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Pioneer Downspacing, Zipper-Fracking in Texas Plays

During the third quarter, Pioneer Natural Resources Co. turned in some landmark results in the Wolfcamp Shale as the company continued to de-risk the West Texas play.

Pioneer drilled a horizontal Wolfcamp D well that had the highest initial production rate in the Midland Basin from any interval, said CEO Scott Sheffield. The company also achieved the highest initial production (IP) rate from the horizontal Wolfcamp B in the Midland Basin and extended the productivity of the Wolfcamp D a distance of 50 miles westward from recent industry activity in the interval.

"We also made significant steps forward in downspacing with the completion of a 12-well pilot in the southern Wolfcamp joint venture area and successfully reducing the spacing between wells in the liquids-rich area of the Eagle Ford Shale from 1,000 feet to 500 feet," Sheffield said.

The Wolfcamp D is often referred to as the Cline Shale. "...[O]bviously, we're very excited about the Wolfcamp D..." Sheffield said during a conference call Tuesday.

Pioneer is the largest acreage holder in the Spraberry Trend Area field, where the company believes it has more than 4.6 billion boe of estimated resource potential from horizontal drilling based on geologic data and drilling results to date. Of this amount, 3.0 billion boe is in the northern Spraberry/Wolfcamp portion of Pioneer's acreage and 1.6 billion boe is in the southern Wolfcamp joint venture area.

The company is conducting a horizontal drilling program in 2013 and 2014 to appraise its northern Spraberry/Wolfcamp acreage. Pioneer expects to spud 34 wells during 2013, targeting six different stacked intervals across the northern acreage. The six stacked intervals across the company's 600,000 prospective gross acres in the northern portion of its acreage position equates to more  than 3 million prospective gross acres.

"Based on the strong production results from our initial Wolfcamp B and Wolfcamp A interval wells across our northern Midland Basin acreage, we believe that EURs for these wells will exceed 800,000 boe. We also believe that EURs for our initial Wolfcamp D interval wells will equal or exceed average industry Wolfcamp D results to date," Sheffield said. "As a result of this strong performance, we expect to increase our rig count in the northern Spraberry/Wolfcamp Shale from five rigs currently to 10-plus rigs in 2014."

For 2013, total Spraberry/Wolfcamp production is forecasted to grow 80,000-81,000 boe/d, an increase of 21-22% compared to 2012. The range has been increased from the previous forecast of 17% to 21% to reflect strong performance over the first nine months of 2013, the company said.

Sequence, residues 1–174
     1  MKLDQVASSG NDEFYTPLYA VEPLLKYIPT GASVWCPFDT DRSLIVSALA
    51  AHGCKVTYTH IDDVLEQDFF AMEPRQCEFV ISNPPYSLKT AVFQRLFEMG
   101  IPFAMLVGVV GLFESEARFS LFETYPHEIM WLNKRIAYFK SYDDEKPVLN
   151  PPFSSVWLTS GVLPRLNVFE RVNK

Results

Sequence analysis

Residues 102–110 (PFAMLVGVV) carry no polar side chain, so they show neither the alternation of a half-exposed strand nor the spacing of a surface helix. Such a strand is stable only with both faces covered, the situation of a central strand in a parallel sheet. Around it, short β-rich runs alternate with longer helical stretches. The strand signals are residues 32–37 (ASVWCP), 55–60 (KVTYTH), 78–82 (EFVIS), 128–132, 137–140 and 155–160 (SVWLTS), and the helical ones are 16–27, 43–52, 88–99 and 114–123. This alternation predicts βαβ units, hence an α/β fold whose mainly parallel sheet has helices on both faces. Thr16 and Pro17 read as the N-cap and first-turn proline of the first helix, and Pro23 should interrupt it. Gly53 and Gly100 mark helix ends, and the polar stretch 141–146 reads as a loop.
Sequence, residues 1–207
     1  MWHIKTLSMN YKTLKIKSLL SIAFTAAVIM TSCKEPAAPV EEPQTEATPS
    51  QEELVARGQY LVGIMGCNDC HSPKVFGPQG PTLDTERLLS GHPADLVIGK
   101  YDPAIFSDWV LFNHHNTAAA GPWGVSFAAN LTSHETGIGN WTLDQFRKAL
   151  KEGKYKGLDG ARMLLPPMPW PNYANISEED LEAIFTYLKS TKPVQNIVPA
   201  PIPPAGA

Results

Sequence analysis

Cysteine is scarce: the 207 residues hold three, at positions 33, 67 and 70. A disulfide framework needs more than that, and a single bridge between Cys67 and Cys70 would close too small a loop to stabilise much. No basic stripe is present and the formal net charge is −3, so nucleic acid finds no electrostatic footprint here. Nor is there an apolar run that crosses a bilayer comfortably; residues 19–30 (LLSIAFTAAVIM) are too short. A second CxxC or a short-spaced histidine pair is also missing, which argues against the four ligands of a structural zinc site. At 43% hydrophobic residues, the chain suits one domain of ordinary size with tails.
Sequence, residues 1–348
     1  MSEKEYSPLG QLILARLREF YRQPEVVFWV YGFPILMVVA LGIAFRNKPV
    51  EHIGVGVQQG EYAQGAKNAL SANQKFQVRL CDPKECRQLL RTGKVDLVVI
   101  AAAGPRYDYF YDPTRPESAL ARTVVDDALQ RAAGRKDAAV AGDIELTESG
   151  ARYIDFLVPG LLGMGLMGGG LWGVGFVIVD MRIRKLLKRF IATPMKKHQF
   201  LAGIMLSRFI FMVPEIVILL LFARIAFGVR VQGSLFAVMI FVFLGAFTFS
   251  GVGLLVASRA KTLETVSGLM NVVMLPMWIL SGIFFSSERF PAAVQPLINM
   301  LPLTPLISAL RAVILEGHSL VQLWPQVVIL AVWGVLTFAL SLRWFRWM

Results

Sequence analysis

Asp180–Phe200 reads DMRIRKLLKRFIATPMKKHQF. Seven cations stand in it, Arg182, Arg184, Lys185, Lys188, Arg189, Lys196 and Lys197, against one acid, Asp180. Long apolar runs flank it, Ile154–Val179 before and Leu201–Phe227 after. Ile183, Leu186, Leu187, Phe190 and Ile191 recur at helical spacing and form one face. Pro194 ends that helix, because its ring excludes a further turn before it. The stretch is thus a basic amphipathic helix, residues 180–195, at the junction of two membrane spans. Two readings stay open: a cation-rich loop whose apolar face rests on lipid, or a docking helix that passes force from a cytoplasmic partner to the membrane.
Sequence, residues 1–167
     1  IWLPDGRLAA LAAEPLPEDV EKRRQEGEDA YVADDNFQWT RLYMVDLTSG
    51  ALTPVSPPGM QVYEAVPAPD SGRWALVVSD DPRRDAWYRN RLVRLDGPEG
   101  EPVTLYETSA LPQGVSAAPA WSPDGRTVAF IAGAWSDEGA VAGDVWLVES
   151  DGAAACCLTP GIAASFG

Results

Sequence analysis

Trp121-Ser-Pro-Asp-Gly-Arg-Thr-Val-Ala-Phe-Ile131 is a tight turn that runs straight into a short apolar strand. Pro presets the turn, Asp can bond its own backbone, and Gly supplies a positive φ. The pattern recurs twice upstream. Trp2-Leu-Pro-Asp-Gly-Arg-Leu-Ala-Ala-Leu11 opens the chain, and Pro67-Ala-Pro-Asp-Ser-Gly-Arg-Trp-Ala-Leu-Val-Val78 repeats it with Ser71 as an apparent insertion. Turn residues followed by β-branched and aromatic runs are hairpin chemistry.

In the Eagle Ford Shale, Pioneer added about 300 drilling locations in the liquids-rich portion of its acreage due to downspacing. The utilization of zipper fracture stimulation on three-well and four-well pads in the same areas resulted in a 20% increase in estimated ultimate recoveries (EUR), from 1 million boe to 1.2 million boe, for these wells.

Zipper fracks cause "a much higher density of event" to occur around the wellbore, said COO Timothy Dove. He was asked by an analyst whether this could also be true in the downspacing areas of the Wolfcamp. "It's just too early to know," Dove said. "But you would expect it just based on the fact that you would hopefully be improving the fracture network as well in the Wolfcamp.”

Further testing of downspacing to 300 feet between wells is under way in the liquids-rich areas of the Eagle Ford where 500-foot spacing was successful. "Early results are encouraging, and the potential exists to add 300 to 400 drilling locations," the company said.

Pioneer said it expects to drill 130 Eagle Ford wells this year at a cost of $7 million to $8 million per well for lateral lengths of approximately 5,500 feet. The number of wells drilled from pads is expected to increase from 45% of the wells drilled in 2012 to more than 80% of the wells drilled in 2013, reflecting that most of Pioneer's acreage is now held by production.

Eagle Ford production was down by 3,000 boe/d during the third quarter compared to the previous quarter due to delays in placing wells on production. This was related to the increase in pad drilling during the quarter and a higher number of wells that had to be shut in for offset fracture stimulation related to downspacing tests. Eagle Ford production is forecast to increase from 35,000 boe/d during the third quarter to 39,000-41,000 boe/d in the fourth quarter.

Pioneer reported third quarter net income of $91.1 million (65 cents/share) compared to $19.2 million (minus 11 cents/share) during the year-ago quarter. Adjusted income was $175.9 million ($1.26/share) compared to $104.5 million (82 cents/share) a year ago. Analysts had been expecting adjusted income to come in at $1.35/share. Revenue was up 17% to $826.8 million but fell short of analyst expectations of $961.07 million.

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